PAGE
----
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Dieting


About Diets
Do you need to diet?
Metabolism
Binge Eating Disorder
Acid Reflux Disease Diet

Popular "Fad" Diets
Atkins Diet
Mayo Clinic Diet
Zone Diet
Cabbage Soup Diet
Grapefruit Diet
Very Low Calorie Diets
Fit for Life Diet
Sugar Busters Diet
hCG diet recipes
Medifast Diet

Metabolism

      Metabolism is a biochemical process that combines nutrients with oxygen to release the energy your body requires in daily life.

Metabolism has two phases. The anabolic ("constructive") phase converts compounds from nutrients into substances the body can use. The catabolic ("destructive") phase reconverts these substances into more basic compounds that provide the energy release that keeps the body functioning.

Metabolism is measured in calories. How many calories you burn in a day depends on several factors, including:

- A person's basal metabolic rate (BMR)
- Level of physical activity
- The body's muscle to fat ratio

Many things can affect metabolic rate, including fevers, menstrual periods, digesting food and hormones such as insulin.



Basal Metabolic Rate

The basal metabolic rate (BMR) is a term used to describe how many calories the body burns 'at rest', simply to keep the brain and body functioning and heart beating. The BMR usually accounts for at least half of all calories burned during the day.

Most of your calories are 'burned' by muscle tissue. Fat is basically metabolic 'dead weight'. The more lean muscle mass you have in your body and the less body fat you have, the more calories the body tends to burn. This is the primary reason why anyone looking to loose weight should not only exercise frequently, but also include weight training as part of their exercise plan. As well, loosing muscle mass (which often happens when dieting) hampers the body's ability to loose fat.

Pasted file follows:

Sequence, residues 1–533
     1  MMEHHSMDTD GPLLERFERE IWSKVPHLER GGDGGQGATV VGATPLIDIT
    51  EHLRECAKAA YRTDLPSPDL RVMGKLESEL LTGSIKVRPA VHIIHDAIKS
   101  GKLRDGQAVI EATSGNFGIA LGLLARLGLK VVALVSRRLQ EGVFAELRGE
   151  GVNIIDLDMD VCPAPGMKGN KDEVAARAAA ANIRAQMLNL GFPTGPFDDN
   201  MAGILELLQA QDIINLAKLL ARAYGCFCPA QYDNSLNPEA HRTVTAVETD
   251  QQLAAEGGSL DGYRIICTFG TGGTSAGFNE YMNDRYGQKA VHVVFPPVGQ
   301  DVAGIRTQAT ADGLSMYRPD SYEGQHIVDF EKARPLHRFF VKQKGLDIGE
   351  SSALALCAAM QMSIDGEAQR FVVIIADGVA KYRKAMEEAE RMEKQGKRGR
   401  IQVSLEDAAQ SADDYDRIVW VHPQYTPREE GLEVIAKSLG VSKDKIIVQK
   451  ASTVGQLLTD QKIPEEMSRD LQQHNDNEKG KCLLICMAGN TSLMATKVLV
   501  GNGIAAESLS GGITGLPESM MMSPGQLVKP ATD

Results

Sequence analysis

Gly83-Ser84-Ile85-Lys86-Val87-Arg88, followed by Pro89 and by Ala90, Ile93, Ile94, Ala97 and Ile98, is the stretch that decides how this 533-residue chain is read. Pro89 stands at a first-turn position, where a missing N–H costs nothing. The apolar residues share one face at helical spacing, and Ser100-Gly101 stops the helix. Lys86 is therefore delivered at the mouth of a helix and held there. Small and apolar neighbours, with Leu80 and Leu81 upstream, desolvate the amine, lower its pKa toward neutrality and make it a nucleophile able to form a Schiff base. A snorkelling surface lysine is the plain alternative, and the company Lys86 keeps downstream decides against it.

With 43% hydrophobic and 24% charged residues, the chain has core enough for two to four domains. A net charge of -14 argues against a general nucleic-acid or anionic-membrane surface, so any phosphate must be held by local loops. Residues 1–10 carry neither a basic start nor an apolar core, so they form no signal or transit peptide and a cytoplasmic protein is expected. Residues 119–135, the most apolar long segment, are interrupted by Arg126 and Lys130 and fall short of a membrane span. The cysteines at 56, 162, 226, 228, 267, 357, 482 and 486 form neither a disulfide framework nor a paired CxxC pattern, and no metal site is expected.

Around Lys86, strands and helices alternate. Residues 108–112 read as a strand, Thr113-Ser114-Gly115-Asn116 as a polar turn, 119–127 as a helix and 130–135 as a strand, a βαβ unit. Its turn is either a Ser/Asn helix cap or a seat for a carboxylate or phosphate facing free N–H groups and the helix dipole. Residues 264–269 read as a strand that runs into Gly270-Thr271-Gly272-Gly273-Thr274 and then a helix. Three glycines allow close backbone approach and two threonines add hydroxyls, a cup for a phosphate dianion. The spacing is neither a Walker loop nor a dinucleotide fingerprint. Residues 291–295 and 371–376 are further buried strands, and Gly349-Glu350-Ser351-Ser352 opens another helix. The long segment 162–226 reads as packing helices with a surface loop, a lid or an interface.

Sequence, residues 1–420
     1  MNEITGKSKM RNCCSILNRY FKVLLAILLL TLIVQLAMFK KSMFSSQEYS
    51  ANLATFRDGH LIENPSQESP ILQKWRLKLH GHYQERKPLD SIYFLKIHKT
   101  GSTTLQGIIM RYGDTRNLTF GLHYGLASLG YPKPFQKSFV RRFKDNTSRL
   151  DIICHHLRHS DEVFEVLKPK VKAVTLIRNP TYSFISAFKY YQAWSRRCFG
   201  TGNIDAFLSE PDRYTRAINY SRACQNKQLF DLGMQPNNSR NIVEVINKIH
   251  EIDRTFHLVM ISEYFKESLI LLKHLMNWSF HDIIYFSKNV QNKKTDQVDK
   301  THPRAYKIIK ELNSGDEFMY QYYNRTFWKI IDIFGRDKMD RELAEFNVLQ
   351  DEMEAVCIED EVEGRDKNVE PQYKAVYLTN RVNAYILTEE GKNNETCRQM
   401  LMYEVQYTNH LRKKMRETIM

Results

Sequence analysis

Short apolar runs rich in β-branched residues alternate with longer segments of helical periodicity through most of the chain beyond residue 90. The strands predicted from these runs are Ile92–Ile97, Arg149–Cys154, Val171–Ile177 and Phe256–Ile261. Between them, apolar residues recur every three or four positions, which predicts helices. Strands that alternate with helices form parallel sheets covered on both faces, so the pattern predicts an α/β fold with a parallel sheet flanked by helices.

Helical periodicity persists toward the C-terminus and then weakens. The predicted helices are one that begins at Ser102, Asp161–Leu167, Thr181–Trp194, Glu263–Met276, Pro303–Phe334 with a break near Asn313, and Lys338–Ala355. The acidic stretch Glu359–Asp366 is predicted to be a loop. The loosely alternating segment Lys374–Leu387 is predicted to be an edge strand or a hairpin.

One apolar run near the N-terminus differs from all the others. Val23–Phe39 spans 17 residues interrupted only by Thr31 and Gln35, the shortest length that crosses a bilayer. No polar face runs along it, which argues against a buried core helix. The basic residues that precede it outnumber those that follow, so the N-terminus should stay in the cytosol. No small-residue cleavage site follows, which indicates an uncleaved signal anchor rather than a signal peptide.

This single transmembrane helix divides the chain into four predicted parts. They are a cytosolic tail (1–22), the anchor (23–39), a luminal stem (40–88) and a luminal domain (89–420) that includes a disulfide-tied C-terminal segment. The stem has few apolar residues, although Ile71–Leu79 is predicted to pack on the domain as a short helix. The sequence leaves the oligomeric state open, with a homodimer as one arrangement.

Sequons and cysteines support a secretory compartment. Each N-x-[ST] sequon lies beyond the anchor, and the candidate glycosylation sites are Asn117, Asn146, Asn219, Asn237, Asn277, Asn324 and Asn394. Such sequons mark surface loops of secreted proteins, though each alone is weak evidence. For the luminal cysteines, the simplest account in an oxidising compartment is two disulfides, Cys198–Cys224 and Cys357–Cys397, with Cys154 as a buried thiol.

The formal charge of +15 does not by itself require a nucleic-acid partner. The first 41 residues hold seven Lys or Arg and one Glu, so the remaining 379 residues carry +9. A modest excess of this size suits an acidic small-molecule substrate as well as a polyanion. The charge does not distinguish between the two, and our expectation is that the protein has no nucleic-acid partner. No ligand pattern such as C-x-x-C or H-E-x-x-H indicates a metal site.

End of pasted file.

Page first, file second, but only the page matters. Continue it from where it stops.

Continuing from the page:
The ability of lean muscle mass to cause an increase in the body's ability to burn fat is the reason why men, who generally have more muscle mass than women, tend to gain weight slower than women and loose weight faster than women.

Metabolism and Dieting

Experts agree that dieting, particularly "yo-yo" dieting, are generally counterproductive to long term weight loss. There are two main reasons for this. When the body is starved for calories, the body's fat storage enzymes learn to become more efficient. This is the result of evolution and our body's ability to withstand famine.

Training your body to store fat more efficiently is exactly what anyone looking to loose weight wants to avoid. As well, most dieters, particularly those who loose a large amount of weight in very little time, actually loose that weight in water and lean muscle mass loss. Frequently, diets suggest ingesting so few calories that the body doesn't get the energy it needs and the dieter ends up feeling sluggish and without energy to burn. The end result is a loss of lean muscle mass - the body's number one ally in the fight against fat.

The message is clear when considering metabolism and it's relation to weight loss. Do not starve your body. Instead, keep the energy flowing and burn it off in exercise, including exercise that builds lean body muscle.

Some interesting facts about metabolism

- as we age, our BMR decreases approximately 2% each decade
- about 10% of daily calories are burned during digestion
- over 50% of daily calories are burned by the body just to function
- 15-40% of calories are burned through physical activity (the amount depends on how much a person exercises)





The Mayo Clinic's Health Living Centers provides excellent advice and research about diet and nutrition. Excellent resources about diets and nutrition are offered by the Nutrition.gov website.




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